# Edit Distance Alignment solved by 772

July 2, 2012, midnight by Rosalind Team

Topics: Alignment, Dynamic Programming

## Reconstructing Edit Distance

In “Counting Point Mutations”, the calculation of Hamming distance gave us a clear way to model the sequence of point mutations transforming one genetic string into another. By simply writing one string directly over the other, we could count each mismatched symbol as a substitution.

However, in the calculation of edit distance (see “Edit Distance”), the two strings can have different lengths; thus, simply superimposing one string over the other does us no good when it comes to visualizing a sequence of edit operations transforming one string into the other. To remedy this, we will introduce a new symbol to serve as a placeholder representing an inserted or deleted symbol; furthermore, this placeholder will allow us to align two strings of differing lengths.

## Problem

An alignment of two strings $s$ and $t$ is defined by two strings $s'$ and $t'$ satisfying the following three conditions: 1. $s'$ and $t'$ must be formed from adding gap symbols "-" to each of $s$ and $t$, respectively; as a result, $s$ and $t$ will form subsequences of $s'$ and $t'$. 2. $s'$ and $t'$ must have the same length. 3. Two gap symbols may not be aligned; that is, if $s'[j]$ is a gap symbol, then $t'[j]$ cannot be a gap symbol, and vice-versa.

We say that $s'$ and $t'$ augment $s$ and $t$. Writing $s'$ directly over $t'$ so that symbols are aligned provides us with a scenario for transforming $s$ into $t$. Mismatched symbols from $s$ and $t$ correspond to symbol substitutions; a gap symbol $s'[j]$ aligned with a non-gap symbol $t'[j]$ implies the insertion of this symbol into $t$; a gap symbol $t'[j]$ aligned with a non-gap symbol $s'[j]$ implies the deletion of this symbol from $s$.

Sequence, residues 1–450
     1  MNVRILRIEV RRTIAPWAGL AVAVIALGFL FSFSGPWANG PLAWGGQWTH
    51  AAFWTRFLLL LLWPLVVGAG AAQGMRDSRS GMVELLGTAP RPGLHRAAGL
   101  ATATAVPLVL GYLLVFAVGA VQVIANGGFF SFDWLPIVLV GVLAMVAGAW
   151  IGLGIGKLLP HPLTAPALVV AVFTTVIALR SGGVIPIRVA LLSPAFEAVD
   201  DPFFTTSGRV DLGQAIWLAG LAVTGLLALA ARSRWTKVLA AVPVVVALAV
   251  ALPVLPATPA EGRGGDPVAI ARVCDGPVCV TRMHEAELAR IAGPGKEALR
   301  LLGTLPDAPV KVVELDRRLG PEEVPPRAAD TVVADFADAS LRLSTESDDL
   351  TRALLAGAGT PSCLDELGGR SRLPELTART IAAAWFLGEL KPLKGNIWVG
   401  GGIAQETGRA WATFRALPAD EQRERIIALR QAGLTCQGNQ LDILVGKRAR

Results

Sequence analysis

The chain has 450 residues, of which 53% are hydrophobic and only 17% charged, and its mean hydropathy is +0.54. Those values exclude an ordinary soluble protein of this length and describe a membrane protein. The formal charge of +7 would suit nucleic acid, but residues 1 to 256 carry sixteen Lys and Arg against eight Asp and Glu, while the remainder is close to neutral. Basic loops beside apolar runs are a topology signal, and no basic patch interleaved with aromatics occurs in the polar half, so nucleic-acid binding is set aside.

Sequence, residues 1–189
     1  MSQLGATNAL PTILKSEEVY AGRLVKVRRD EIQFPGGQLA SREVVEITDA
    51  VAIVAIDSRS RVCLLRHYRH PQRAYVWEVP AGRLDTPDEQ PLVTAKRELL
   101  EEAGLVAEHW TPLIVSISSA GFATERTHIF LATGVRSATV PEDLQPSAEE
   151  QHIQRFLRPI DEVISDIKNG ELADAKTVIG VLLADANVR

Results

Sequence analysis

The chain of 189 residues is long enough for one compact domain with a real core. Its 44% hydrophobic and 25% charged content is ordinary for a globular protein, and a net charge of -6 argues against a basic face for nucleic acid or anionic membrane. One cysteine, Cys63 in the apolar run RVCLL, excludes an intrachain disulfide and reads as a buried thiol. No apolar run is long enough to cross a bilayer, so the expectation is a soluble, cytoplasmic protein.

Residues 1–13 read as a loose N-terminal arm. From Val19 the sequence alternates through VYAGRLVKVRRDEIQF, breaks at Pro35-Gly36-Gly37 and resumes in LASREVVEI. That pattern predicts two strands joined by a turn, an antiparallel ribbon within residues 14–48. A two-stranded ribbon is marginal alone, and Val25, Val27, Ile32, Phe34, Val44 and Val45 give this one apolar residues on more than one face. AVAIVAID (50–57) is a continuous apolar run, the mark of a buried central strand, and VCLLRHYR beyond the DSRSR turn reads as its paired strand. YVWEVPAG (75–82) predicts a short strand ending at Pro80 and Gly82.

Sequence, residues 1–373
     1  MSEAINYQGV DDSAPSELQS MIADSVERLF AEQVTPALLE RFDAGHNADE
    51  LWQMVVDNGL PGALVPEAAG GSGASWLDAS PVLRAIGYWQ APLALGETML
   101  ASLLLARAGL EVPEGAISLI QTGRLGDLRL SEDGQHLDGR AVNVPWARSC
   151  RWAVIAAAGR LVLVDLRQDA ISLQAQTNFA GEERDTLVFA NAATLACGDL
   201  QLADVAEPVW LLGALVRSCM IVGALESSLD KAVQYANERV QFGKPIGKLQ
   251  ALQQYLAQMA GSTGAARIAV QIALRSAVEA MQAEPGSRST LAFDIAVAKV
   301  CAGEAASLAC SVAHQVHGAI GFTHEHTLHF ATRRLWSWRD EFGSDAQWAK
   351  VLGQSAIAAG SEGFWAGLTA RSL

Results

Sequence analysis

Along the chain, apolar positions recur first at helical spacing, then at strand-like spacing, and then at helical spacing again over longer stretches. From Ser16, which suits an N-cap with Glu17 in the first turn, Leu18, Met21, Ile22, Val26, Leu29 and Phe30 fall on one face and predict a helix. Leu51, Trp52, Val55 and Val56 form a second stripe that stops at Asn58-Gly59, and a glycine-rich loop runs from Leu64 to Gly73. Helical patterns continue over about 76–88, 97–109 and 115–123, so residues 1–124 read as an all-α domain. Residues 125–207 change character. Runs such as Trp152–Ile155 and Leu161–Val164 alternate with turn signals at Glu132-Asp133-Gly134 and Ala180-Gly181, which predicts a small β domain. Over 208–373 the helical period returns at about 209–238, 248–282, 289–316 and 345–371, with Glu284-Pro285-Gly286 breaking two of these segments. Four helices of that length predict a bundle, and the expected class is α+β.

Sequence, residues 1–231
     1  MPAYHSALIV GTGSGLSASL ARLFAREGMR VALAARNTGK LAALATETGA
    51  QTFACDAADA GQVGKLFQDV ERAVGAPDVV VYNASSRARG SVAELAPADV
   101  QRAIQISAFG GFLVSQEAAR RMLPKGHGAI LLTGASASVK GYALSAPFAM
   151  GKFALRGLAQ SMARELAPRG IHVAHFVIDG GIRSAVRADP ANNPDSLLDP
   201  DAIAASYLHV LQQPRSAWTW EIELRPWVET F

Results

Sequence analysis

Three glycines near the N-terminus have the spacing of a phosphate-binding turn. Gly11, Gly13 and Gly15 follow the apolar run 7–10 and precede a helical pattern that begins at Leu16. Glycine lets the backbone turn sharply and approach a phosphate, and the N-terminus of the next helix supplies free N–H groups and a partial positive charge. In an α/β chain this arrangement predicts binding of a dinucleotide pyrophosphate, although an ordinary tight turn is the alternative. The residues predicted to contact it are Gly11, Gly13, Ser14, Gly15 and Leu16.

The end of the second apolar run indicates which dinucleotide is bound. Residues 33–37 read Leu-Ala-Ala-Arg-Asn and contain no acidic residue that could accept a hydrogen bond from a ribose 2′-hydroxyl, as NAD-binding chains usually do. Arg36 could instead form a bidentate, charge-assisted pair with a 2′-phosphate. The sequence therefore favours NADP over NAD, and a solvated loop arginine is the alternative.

Thus, an alignment represents a transformation of $s$ into $t$ via edit operations. We define the corresponding edit alignment score of $s'$ and $t'$ as $d_{\textrm{H}}(s', t')$ (Hamming distance is used because the gap symbol has been introduced for insertions and deletions). It follows that $d_{\textrm{E}}(s, t) = \min_{s', t'}{d_{\textrm{H}}(s', t')}$, where the minimum is taken over all alignments of $s$ and $t$. We call such a minimum score alignment an optimal alignment (with respect to edit distance).

Given: Two protein strings $s$ and $t$ in FASTA format (with each string having length at most 1000 aa).

Return: The edit distance $d_{\textrm{E}}(s, t)$ followed by two augmented strings $s'$ and $t'$ representing an optimal alignment of $s$ and $t$.

## Sample Dataset

>Rosalind_43
PRETTY
>Rosalind_97
PRTTEIN


## Sample Output

4
PRETTY--
PR-TTEIN